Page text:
A note about shadow areas here…
Shadows tend to come out as solid black areas in photos. But in real life they have color and some light. So before you start painting really study the ref pic or still life you’ve set up, so you will be able to lose the ‘black holes’.
Try to understand why the shadow is cast in a certain position and whether it is a weak shadow or strong one. Shadows will be the same color as the material under them, only dulled in intensity. If the object is white, like the eggs, it will reflect color from the surrounding areas in both shadow and highlighted areas. Three dimensional objects also show reflected light at the edges. This is really exaggerated in the eggs, which is why I chose them to demonstrate this principle. The dark area is where the sharpest curve is and very little light hits there. The lower area catches refracted light from the surrounding areas and picks up local color. The flash diluted some of the colors, but you can see the yellow and blue reflected back on the white of the egg.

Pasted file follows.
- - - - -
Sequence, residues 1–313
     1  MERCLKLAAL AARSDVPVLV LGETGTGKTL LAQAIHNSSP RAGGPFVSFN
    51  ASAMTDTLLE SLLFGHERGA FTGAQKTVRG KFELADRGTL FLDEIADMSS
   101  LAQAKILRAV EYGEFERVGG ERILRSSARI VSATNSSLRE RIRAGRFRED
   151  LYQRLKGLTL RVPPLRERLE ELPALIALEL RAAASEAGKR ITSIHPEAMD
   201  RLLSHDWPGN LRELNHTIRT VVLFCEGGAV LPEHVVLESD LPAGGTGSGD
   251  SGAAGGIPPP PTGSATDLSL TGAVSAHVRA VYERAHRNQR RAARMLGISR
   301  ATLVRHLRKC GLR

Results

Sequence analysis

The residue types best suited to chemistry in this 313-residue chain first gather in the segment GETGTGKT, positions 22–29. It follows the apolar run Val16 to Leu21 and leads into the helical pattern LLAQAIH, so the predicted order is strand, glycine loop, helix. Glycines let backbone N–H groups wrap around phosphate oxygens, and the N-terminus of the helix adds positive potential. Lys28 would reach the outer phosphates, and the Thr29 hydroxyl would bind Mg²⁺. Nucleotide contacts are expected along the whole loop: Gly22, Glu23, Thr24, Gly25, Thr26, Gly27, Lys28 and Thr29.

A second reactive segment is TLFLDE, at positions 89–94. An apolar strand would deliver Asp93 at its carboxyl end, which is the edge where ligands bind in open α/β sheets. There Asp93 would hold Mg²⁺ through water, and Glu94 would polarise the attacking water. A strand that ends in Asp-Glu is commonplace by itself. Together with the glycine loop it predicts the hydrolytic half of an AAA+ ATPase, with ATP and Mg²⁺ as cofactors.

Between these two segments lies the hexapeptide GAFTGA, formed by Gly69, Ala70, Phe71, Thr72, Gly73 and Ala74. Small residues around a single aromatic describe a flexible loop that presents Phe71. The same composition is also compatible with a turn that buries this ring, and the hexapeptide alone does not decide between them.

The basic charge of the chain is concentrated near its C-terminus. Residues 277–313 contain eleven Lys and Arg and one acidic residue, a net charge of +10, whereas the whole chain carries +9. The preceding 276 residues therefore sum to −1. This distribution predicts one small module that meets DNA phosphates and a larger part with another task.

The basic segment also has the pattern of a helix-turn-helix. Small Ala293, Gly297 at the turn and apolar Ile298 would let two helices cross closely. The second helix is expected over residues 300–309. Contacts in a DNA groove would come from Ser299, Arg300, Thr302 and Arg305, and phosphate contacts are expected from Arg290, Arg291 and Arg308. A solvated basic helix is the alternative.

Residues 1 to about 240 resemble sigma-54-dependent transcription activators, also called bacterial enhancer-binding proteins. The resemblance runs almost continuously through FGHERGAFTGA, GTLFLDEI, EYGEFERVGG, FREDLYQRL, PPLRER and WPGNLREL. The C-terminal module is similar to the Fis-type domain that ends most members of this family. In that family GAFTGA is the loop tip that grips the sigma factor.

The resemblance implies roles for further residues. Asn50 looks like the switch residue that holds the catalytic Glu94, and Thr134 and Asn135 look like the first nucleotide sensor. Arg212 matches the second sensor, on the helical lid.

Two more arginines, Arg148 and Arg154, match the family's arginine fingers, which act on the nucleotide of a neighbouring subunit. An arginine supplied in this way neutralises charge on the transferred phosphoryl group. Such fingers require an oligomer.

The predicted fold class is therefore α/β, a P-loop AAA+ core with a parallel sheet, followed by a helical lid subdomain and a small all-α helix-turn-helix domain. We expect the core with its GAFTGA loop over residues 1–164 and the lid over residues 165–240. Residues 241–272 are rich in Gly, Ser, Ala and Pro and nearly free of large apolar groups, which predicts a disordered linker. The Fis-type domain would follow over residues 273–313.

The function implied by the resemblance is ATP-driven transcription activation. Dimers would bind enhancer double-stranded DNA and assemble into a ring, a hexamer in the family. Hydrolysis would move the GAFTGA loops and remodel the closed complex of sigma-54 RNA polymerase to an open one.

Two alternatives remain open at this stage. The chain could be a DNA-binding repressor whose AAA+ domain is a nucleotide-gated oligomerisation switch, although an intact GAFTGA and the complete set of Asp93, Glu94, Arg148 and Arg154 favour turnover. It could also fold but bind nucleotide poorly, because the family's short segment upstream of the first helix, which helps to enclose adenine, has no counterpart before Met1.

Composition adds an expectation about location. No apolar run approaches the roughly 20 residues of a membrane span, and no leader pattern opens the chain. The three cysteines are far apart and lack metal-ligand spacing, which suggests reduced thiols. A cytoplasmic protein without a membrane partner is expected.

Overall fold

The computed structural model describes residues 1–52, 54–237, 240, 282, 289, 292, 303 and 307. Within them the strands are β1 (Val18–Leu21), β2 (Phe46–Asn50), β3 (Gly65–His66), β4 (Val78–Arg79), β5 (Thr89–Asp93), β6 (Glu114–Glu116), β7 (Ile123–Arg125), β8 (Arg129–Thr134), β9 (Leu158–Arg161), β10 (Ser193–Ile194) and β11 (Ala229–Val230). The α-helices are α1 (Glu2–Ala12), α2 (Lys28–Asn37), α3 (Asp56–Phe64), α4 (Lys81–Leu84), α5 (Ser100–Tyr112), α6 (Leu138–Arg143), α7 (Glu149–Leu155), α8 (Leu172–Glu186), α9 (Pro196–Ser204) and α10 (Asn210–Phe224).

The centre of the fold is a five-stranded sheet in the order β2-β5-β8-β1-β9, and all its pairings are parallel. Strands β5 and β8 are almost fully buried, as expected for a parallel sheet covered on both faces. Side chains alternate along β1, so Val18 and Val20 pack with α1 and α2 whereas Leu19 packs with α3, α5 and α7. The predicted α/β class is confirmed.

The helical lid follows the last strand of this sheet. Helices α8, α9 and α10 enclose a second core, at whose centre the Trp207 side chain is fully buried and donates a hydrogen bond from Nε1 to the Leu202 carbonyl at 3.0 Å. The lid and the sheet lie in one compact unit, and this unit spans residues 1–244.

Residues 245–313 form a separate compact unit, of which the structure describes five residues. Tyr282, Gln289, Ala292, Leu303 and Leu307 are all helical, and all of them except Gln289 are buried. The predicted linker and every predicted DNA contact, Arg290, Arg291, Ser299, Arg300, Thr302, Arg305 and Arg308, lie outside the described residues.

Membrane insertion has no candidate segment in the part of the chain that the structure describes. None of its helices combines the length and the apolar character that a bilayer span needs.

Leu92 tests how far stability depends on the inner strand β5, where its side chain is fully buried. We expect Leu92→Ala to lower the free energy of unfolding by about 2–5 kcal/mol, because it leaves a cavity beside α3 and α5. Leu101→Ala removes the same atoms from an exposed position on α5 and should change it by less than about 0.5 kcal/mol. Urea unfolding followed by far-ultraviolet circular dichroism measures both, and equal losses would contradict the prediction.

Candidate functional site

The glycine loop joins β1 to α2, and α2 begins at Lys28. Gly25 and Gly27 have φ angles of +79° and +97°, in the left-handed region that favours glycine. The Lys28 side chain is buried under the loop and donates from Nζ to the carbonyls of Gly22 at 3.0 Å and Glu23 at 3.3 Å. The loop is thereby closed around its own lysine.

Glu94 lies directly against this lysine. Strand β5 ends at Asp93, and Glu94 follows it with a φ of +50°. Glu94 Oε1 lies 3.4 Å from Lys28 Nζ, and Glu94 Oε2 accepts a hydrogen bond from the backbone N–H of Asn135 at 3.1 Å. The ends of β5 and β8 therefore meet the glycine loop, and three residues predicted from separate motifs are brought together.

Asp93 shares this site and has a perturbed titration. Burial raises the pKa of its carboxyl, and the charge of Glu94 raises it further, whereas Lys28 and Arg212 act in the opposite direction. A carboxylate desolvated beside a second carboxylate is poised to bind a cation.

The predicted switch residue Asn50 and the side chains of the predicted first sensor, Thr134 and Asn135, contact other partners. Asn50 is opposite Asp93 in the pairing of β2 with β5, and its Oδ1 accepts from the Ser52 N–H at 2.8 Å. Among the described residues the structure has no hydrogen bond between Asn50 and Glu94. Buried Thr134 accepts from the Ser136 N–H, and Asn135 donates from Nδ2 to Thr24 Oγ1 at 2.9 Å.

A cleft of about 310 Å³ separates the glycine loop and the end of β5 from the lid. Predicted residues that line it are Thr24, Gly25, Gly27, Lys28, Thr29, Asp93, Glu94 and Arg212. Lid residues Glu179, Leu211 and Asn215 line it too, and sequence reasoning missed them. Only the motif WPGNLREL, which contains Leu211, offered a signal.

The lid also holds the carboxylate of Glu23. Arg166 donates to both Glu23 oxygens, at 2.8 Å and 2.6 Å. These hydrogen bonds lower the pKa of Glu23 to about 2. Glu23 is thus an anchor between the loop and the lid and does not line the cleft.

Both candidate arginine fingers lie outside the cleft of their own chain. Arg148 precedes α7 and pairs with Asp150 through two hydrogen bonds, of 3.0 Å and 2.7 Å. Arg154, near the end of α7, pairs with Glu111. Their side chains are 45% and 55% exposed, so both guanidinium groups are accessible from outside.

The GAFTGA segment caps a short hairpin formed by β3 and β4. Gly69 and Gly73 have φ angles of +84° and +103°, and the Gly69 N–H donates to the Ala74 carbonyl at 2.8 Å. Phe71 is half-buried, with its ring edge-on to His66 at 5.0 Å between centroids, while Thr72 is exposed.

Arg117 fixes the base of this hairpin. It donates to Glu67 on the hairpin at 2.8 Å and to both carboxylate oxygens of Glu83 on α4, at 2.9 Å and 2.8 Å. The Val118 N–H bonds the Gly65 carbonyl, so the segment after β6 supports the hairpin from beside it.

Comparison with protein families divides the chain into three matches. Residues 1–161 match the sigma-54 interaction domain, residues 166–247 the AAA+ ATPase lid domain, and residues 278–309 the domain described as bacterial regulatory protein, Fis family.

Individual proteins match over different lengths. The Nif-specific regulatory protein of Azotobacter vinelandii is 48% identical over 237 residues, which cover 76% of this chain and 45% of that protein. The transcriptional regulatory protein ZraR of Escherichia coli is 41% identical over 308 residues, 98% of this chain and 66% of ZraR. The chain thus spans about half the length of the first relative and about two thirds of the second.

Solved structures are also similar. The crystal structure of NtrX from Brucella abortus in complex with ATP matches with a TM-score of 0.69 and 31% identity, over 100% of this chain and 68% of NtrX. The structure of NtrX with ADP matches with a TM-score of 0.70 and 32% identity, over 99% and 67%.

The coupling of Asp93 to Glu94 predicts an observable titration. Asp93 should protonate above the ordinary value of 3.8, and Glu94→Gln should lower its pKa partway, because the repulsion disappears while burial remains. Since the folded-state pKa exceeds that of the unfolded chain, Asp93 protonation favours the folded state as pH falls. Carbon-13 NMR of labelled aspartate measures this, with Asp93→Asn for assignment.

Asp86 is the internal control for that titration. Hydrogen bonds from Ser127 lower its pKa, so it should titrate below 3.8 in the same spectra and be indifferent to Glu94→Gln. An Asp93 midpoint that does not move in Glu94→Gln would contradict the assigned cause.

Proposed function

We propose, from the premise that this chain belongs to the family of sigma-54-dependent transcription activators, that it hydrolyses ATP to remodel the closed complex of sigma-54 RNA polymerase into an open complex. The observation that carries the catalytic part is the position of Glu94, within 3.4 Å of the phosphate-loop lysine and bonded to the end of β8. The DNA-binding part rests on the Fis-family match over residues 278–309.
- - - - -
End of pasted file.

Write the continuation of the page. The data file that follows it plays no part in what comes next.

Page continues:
A strong light source will create sharp dark shadows and a more diffused light will cast softer edged, lighter shadows. Another advantage of using complements for shadow areas is that you get a nice cool/warm play of colors in your piece.
Folds of cloth can be intimidating. I made some color change choices to keep it a little simpler, just going with a two-color stripe. The highest areas will have the most light, along with the areas that have the strongest concentration of light (like under the eggs where the shadow does not fall). Light spills over the edges of soft folds. You can create sharp meeting areas, but if you want to mimic the softness then you need a transition color area midway between the light and the shadow. If you want folds or the edges of the eggs to come forward then you need to put a slightly darker value behind the light area. The fold directly below the eggs has a fold in front of it and where they meet both had a very light value. So at the very edge of the back fold I put a slightly darker tone in. It still looks light but it gives the illusion of being behind the front fold. I also use my strokes to follow the shape of the cloth, I think this helps to lead the eye.